Real Estate Education Gets Real

2016 was a year that left many with whiplash, those in the housing market included. Svenja Gudell, chief economist at real estate data firm Zillow, reflected, “If the expectation was that the market would transition smoothly from deep red hot recovery to normal — that certainly didn’t happen.”

Despite all the changes, a recent Forbes article argued that overall 2016 was a good year for housing. They cited national prices rising above the previous 2006 peak, mortgage rates staying historically low and signs that the millennial generation has begun to buy after many feared they would be lifelong renters. Local agents agree that sales have improved since the recession and note that those numbers could keep growing as current demand is far higher than supply.

As the market grows and changes, real estate agents work relentlessly to stay on top of trends and continue their education. Lansing’s Holloway’s Institute, Inc. is a local provider for pre-licensure training, exam preparation and ongoing training for Michigan real estate salespeople and brokers. The institute offers courses both online and in-person, and is an important first step in preparing for the state exam.

In Michigan, gaining a license to operate as a real estate agent is a difficult process. Per the requirements put forth by the Department of Licensing and Regulatory Affairs, students must complete 40 hours of approved pre-licensure education courses, which includes nine hours of civil rights law and equal opportunity housing, before taking the written exam. Applicants must also complete three years of real estate related experience. Most agents then join professional associations that provide opportunities for professional development and networking.
For Mike Kevern, sales manager at Coldwell Banker Hubbell BriarWood, the education process gave him confidence in his abilities, and he has since won several area awards.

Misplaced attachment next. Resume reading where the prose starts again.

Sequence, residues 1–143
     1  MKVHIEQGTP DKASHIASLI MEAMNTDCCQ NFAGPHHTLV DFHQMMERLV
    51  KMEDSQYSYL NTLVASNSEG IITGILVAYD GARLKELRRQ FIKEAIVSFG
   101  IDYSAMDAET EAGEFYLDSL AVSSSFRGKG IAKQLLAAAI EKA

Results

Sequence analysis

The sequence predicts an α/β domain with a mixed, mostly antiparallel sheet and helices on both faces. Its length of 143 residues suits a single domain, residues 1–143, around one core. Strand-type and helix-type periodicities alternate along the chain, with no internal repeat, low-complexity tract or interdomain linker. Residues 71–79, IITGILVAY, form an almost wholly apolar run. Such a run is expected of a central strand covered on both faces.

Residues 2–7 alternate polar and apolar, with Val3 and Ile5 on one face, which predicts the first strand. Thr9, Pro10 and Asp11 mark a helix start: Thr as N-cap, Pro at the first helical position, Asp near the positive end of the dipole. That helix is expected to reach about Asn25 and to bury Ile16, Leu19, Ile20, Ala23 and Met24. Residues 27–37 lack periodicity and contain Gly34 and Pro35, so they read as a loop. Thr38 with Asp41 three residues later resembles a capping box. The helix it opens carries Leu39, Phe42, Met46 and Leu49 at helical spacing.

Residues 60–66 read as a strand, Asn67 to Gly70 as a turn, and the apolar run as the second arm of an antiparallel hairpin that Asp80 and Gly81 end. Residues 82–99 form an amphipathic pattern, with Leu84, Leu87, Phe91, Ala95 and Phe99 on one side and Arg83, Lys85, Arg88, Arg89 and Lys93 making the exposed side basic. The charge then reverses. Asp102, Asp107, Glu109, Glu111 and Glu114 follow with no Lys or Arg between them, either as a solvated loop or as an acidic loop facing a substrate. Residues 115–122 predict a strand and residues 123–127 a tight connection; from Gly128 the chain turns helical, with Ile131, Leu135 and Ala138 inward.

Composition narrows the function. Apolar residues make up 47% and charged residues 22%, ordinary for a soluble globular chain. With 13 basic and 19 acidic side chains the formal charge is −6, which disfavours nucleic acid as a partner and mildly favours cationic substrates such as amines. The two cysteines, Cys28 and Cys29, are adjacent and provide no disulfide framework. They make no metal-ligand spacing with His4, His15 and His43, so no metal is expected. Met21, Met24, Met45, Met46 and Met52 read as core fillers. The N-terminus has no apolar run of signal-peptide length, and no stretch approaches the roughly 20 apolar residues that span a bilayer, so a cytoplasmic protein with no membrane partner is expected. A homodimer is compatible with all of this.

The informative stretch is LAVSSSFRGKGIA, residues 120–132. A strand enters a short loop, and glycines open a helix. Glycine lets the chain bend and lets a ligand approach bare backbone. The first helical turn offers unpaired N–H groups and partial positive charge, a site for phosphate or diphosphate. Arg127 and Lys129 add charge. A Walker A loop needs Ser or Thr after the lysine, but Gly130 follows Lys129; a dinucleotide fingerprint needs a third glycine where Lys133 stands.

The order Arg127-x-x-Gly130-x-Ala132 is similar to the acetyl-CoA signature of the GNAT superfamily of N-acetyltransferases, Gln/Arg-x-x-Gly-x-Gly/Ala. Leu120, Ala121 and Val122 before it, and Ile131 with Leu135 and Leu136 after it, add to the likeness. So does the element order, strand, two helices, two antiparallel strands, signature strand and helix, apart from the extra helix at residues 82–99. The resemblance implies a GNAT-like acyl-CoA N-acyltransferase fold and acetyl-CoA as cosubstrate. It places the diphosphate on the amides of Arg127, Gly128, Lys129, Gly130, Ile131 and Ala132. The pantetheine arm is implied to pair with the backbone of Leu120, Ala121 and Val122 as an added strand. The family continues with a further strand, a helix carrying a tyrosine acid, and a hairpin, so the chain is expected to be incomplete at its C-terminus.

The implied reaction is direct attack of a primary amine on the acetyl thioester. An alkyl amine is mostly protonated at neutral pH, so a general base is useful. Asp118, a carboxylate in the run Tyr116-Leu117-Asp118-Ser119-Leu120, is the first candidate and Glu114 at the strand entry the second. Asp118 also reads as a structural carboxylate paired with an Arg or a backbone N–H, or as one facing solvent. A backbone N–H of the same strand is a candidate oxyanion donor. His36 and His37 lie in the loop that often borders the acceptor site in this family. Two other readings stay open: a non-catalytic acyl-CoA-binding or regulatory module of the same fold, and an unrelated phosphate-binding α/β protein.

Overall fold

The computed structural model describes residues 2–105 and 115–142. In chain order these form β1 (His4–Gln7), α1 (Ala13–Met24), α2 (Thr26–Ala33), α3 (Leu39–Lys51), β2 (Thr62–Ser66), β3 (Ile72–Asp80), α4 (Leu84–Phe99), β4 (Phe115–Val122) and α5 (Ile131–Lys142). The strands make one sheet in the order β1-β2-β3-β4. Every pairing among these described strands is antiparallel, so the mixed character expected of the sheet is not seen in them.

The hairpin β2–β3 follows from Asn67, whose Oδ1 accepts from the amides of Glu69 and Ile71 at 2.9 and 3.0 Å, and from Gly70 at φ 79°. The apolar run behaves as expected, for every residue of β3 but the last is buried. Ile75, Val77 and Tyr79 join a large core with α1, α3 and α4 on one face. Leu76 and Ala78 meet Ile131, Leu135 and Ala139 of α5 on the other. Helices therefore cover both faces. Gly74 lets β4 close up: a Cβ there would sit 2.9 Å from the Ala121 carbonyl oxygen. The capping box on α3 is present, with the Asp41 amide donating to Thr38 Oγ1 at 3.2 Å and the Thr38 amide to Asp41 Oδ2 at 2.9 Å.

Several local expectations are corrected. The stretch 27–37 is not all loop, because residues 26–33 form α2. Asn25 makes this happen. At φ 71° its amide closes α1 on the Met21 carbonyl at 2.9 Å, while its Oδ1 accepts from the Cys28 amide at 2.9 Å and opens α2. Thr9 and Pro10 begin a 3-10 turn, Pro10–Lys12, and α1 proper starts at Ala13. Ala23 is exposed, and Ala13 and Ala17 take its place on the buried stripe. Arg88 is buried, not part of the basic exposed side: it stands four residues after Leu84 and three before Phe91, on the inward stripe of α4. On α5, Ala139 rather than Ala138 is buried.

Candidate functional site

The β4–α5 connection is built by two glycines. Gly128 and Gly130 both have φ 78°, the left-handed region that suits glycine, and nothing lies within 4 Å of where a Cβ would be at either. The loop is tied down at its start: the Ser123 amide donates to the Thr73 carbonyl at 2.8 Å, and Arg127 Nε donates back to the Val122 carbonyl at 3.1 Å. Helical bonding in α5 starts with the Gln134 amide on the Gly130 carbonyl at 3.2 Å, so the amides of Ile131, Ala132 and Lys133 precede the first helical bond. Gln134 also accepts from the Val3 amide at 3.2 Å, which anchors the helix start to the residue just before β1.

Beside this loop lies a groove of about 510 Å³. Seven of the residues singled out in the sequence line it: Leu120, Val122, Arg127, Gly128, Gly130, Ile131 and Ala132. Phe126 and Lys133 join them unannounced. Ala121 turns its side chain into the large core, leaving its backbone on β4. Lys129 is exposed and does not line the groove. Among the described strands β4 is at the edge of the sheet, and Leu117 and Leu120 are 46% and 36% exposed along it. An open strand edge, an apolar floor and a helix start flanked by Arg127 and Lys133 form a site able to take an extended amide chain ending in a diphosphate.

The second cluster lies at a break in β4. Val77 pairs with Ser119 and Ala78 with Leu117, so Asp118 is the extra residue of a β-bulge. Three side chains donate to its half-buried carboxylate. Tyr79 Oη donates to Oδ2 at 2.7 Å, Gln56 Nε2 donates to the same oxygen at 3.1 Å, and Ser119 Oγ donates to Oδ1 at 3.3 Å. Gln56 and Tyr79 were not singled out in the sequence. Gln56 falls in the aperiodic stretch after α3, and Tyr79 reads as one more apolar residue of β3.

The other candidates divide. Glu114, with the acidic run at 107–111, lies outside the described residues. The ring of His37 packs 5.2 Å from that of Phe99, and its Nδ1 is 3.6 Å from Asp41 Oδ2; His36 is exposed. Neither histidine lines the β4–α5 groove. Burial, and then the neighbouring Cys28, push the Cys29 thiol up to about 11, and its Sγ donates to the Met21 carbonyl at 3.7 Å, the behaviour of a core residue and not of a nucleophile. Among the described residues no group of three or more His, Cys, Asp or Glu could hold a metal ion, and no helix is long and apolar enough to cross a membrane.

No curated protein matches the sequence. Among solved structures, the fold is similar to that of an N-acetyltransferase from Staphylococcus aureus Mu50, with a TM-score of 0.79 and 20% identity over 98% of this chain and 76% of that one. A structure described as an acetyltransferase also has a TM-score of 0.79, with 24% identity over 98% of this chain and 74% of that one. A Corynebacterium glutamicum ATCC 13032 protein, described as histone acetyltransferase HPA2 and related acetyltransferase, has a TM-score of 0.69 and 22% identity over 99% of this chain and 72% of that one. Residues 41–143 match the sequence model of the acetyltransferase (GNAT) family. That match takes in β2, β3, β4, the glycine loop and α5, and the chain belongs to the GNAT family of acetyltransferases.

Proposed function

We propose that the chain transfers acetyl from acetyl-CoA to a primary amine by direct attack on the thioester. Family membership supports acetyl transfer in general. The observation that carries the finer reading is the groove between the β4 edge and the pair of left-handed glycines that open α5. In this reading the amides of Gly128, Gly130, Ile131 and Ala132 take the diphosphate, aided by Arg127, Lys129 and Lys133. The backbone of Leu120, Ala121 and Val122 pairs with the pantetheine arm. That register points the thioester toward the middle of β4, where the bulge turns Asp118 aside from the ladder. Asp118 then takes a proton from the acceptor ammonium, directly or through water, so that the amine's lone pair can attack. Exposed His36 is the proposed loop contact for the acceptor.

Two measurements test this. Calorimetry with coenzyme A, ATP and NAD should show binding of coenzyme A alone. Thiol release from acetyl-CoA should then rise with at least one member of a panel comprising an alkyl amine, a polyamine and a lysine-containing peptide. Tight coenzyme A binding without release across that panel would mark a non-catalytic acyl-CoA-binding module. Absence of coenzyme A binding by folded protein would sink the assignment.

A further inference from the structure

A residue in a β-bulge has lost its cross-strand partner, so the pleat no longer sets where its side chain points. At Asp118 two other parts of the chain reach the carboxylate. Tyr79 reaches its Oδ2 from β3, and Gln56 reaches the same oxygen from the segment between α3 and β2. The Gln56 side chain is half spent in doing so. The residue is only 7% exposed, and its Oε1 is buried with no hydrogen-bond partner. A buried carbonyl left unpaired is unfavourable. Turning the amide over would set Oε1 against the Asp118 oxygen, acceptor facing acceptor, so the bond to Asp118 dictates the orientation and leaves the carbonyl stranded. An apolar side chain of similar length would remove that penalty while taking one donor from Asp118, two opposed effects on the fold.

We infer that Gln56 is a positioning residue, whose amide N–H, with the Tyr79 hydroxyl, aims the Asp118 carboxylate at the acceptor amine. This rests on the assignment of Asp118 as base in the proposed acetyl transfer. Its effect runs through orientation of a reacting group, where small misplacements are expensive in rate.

“I learned in a very structured way in a traditional classroom setting. It taught me how to identify my sphere of influence and work with them, an important part of my training. As for the application process, it can be a bit frustrating. But, if you realize you are making a complete career change and it can be done in about a month, it’s remarkable,” Kevern said.

Time in the classroom is just the beginning of a realtor’s education. Alexis Craig, Keller Williams Realty agent and founder of Mocha Homes, learned the most from her interactions with others in the industry.

“The most helpful part of my training was reaching out to experienced agents, taking them out to coffee or lunch, and picking their brain and learning their tricks. I also read a lot of books and attended a lot of webinars,” Craig said.

She also emphasizes that real estate is a business that takes a great deal of patience, empathy and determination. “87 percent of real estate agents quit within the first five years. The buying cycle is very long and often buyers and sellers will take eight months or more from the time they start thinking about buying or selling until they do so. This job is hard to do. No one is there to hold your hand, give you leads, or hand you a steady paycheck. This line of work takes persistence and consistency.”

The state of Michigan also requires that agents renew their license every three years with 18 hours of continued education. In addition, some agencies train new realtors on the variety of skills they need and offer a senior mentor. These types of programs often give new agents the support they need to navigate the world of real estate and learn about the growing importance of technology in the industry.

Beth Russell, a local agent with Berkshire Hathaway HomeServices | Tomie Raines Realtors and nearly 28 years of experience, believes that learning continues when you find a company that has the right tools and personnel.

“When I met Debbie, the president of Berkshire Hathaway HomeServices | Tomie Raines REALTORS, I knew that I wanted to work with her. She has an open-door policy and believes in the cutting edge. I think that’s what took our company to the next level,” Russell said.

Russell credits the agency’s quality service certification with providing invaluable client feedback that helped her identify professional weaknesses and strengths.

This continued education is crucial for agents. But, in Russell’s opinion, no amount of schooling can teach a genuine love of connecting with people.

“I tell my clients I’m not in it for the sale, I’m in it for the long haul,” Russell said. “If I sell you a house, I want to run into you having lunch at HopCat or grabbing vegetables at the farmer’s market and be able to say ‘How are things going? How’s your family?’ I want to continue that relationship. I love my job and can’t think of anything I would want to do more.”

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